In every IPCC report to date, thermal power balance is referred to as an ‘energy balance’, and this assumed equivalence of energy and power appears to pervade the entire climate science literature. This is more than a matter of mere semantics. The temperature distribution in the troposphere is determined by the energy balance, which is the thermodynamic state of the gas, and has nothing to do with the actual heat fluxes involved.

Quite apart from the invalid reasoning, the greenhouse effect is an ad hoc theory, contrived to account for the high temperature of Venus. In contrast, we have started with the Laws of Thermodynamics and radiative heat transfer, deduced the theory from them, made predictions and confirmed those predictions with observations. The greenhouse effect theory is fundamentally bad science from a philosophical perspective alone.

In other words, "greenhouse" gases are not responsible for the heating and cooling of the Earth, that is on other factors. Therefore, any supposition that human activity causing small variations in the amount of "greenhouse gases" (Earth's atmosphere .041% CO2 by volume) being responsible for climate change is bunk as the entire premise relies upon this effect.

2 hours ago, atdlzpae said:

I definitely saw a ton of awful science regarding Covid. I wouldn't be surprised if climate science is similar.
As I'm not deep into the topic, I can only say FU to the politicians who want to ban meat and cars.

We're living, after all, in an empire of lies. Should it be any surprise that one of the foundational beliefs our ruling class has been setting up in the minds of the public for decades to bring about a New World Order TM (that's not my words mind you, this being directly from the horse's mouth WEF) is about the climate? I mean, just look at all of the effort (41 failed doomsday, eco-pocalyptic predictions in the last 50 years with links) the media has spent over the years on climate doom. Why?

Isn't it funny that if you impress upon the minds of all people who tend to be conscientious and empathetic to others, that their very existence is an affront, a stain, a pollution upon the pristine clean planet, and then all those peoples with these empathetic tendencies tend to stop reproducing to help save the environment. Well. Then guess who's left after a few generations. It doesn't take long.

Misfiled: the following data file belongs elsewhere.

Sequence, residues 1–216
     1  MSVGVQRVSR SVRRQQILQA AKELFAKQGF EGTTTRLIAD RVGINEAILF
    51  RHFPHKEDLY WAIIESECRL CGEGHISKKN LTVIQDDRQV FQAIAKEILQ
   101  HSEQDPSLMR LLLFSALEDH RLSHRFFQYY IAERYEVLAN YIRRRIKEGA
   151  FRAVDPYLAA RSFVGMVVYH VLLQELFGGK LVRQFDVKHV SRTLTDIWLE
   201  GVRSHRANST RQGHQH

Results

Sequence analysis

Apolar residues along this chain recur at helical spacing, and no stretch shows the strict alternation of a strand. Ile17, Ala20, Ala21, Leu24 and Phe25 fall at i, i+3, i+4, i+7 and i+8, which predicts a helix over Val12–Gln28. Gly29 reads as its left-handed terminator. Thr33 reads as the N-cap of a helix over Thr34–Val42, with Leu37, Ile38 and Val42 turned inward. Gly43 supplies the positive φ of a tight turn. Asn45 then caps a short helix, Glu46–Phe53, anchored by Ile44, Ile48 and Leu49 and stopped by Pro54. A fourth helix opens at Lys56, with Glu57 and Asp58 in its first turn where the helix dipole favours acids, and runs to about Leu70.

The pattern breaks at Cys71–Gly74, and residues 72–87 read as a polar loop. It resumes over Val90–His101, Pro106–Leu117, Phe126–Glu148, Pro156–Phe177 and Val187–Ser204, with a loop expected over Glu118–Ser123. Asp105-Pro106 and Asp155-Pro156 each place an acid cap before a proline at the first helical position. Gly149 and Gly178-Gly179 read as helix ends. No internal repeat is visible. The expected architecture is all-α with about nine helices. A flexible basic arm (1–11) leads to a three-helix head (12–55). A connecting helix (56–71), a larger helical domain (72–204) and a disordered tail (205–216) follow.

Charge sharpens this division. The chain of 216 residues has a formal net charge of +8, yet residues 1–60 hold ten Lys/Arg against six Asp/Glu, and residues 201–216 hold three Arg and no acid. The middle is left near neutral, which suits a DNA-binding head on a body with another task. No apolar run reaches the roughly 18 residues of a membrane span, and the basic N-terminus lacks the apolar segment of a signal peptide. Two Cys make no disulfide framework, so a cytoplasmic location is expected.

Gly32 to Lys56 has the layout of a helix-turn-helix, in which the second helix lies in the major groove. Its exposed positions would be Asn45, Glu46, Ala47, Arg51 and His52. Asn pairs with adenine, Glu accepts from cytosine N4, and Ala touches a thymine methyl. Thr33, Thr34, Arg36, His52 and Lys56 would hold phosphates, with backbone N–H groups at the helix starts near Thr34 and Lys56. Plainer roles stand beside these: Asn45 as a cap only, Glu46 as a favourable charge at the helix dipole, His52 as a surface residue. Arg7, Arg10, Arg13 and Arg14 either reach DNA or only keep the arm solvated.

As I was saying earlier, what we're dealing with is suicide cult level ideology and some very aggressive and deranged people "at the top" who deliberately promote this stuff. You already know them, they're in the club and we're not.

I would think that this kind of information would be a mental load off on people to realize we really aren't all that significant in the celestial scale of things, that mother nature can and does giveth and taketh away with zero regard for our collective inclinations. There are plenty of things human beings can and do destroy existing at this level of civilization, but the affecting global temperature isn't one of them, mass temperature changes has happened and will continue to happen based on completely external factors to human beings.

I say that, but then again there's always the possibility of a mass nuclear event I suppose.

Edited by Vanturion
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On 7/30/2022 at 2:38 PM, Vanturion said: